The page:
Craft boom is good for foreign beers

THE ‘craft beer revolution’ of recent times has been well-documented, but has consumer demand for a variety of styles and flavours had any impact on the world beer market?

Bartenders in Scotland certainly seem to think so.

Kevin Febers of the Beer Cafe in Glasgow told SLTN he thinks developments in the flourishing craft beer scene in North America are “starting to filter through” to the Scottish trade.

Pint of ale

“What tends to happen now is you get more customers asking ‘what’s different?’ than before,” said Febers, adding that customers are now seeking out “specific types of beer”.

While more customers may be seeking out style over geography, Febers said there is still “national loyalty” among some customers when it comes to beer.

“I still have a lot of customers who drink German beers, who like the hoppiness and bitterness and tend to stick to that,” said Febers.

He acknowledged that customers visiting the on-trade have more beer knowledge than in the past, but said much of that has been picked up from bar staff.

But while staff have been helping consumers to know their Pilsners from their Saisons, they’ve also done their own beer homework beforehand.

“Most of your members of staff need to have knowledge, even if it’s just the basics, as customers are more knowledgeable,” said Febers.

“Gone are the days when you could just bluff it.”

Gareth Giles of The Moorings Bar in Aberdeen said he has also noticed an increase in customer knowledge, and said Aberdeen currently has a thriving beer scene.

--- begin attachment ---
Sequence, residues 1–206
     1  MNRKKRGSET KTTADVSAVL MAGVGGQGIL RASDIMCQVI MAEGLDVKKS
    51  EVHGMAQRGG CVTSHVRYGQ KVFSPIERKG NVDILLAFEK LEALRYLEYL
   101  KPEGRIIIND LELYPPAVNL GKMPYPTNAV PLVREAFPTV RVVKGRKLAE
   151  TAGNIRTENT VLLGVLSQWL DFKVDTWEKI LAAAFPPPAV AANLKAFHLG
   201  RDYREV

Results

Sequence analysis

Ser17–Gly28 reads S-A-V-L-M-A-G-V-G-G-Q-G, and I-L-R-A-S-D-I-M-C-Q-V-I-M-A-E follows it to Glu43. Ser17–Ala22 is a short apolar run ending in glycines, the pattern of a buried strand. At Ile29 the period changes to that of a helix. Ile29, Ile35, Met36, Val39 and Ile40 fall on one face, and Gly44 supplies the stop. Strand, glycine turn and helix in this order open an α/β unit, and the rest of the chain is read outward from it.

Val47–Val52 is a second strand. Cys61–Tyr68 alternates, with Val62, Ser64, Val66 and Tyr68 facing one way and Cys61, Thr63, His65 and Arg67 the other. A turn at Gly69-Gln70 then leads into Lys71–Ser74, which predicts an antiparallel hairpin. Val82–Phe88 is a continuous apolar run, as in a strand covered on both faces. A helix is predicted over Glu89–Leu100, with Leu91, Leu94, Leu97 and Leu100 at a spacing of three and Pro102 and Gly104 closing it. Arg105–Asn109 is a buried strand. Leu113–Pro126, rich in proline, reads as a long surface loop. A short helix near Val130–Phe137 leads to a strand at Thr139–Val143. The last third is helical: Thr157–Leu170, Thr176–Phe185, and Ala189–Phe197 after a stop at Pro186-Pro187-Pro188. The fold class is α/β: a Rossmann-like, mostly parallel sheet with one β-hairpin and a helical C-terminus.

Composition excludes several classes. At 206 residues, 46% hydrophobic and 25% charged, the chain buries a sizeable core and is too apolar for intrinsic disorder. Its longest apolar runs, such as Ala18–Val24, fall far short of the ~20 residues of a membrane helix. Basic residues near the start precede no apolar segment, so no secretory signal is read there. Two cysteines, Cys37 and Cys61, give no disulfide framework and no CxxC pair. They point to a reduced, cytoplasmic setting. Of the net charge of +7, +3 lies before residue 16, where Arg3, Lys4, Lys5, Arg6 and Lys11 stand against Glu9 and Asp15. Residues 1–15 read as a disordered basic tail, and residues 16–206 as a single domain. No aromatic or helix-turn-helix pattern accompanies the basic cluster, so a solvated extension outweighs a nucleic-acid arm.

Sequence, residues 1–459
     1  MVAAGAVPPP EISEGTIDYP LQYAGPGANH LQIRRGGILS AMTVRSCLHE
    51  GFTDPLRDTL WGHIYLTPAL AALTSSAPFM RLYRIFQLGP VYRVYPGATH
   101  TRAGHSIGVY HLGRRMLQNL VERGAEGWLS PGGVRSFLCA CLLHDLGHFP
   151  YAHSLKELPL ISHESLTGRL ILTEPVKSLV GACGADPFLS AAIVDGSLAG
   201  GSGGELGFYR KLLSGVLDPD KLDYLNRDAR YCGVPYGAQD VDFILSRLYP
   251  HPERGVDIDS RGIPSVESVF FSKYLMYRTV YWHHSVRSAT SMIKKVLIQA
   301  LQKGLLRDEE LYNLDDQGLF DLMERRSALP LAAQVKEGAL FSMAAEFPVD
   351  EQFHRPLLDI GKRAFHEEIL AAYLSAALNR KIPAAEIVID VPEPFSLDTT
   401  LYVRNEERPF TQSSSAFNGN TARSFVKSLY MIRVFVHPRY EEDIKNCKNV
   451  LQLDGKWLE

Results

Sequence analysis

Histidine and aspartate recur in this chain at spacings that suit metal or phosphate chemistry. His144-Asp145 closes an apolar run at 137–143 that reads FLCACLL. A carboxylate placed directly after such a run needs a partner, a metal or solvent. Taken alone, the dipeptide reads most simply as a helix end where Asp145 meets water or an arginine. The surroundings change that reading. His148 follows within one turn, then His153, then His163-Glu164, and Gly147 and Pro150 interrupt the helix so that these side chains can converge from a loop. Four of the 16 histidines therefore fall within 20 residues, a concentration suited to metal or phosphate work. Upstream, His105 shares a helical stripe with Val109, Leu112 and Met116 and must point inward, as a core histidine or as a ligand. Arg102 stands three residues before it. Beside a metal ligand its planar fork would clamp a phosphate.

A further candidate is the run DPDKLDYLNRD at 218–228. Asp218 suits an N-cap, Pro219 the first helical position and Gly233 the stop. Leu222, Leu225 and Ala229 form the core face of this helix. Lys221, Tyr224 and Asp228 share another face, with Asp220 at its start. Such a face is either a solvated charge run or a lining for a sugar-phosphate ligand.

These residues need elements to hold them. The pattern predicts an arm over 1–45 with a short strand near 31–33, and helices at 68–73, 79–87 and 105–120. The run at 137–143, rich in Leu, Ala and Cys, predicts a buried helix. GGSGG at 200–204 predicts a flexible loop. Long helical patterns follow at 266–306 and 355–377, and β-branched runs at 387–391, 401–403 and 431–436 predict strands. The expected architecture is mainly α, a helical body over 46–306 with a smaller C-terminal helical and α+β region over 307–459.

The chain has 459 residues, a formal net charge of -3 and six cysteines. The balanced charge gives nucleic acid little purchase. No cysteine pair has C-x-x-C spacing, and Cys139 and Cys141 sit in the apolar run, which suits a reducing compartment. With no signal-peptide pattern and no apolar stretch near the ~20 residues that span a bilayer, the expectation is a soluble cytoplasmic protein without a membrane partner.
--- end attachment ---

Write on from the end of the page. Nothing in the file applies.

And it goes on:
“We were the first bar in Aberdeen to have a world beer selection of over a hundred beers but now there’s places like Brewdog, Six Degrees North and Casc,” he said.

There’s no shortage of world beer at The Moorings Bar which offers 36 beers at any one time over its 42 beer lines. And it’s the global beers that are proving popular – Giles said American craft lager Sam Adams “must be right up there” in terms of popularity, while Thai beer Singha has recently become the venue’s most popular lager.

Looking ahead, Giles predicted that “the darker side of things” will prove popular among world beer drinkers as consumers increasingly seek out the complex flavours offered by dark beer.

Colin Church, managing director of Edinburgh-based Big Red Teapot, whose outlets include The Blackbird, Treacle and Hamilton’s, said world beer is currently selling well.

“Across our three Edinburgh outlets, American (US), English and Belgian beers are the biggest-selling beers,” he said.

“Customers enjoy trying something new and so if an outlet cannot afford to carry a large selection at one time, offering a different beer each week or month can prove very popular with the regulars.

“Age-wise, the range of consumers spread across the board, however the younger drinkers (18 to 30) are more likely to take a chance on unknown brands whereas the over 30 age group tends to focus on more well-known brands – those they are more familiar with.”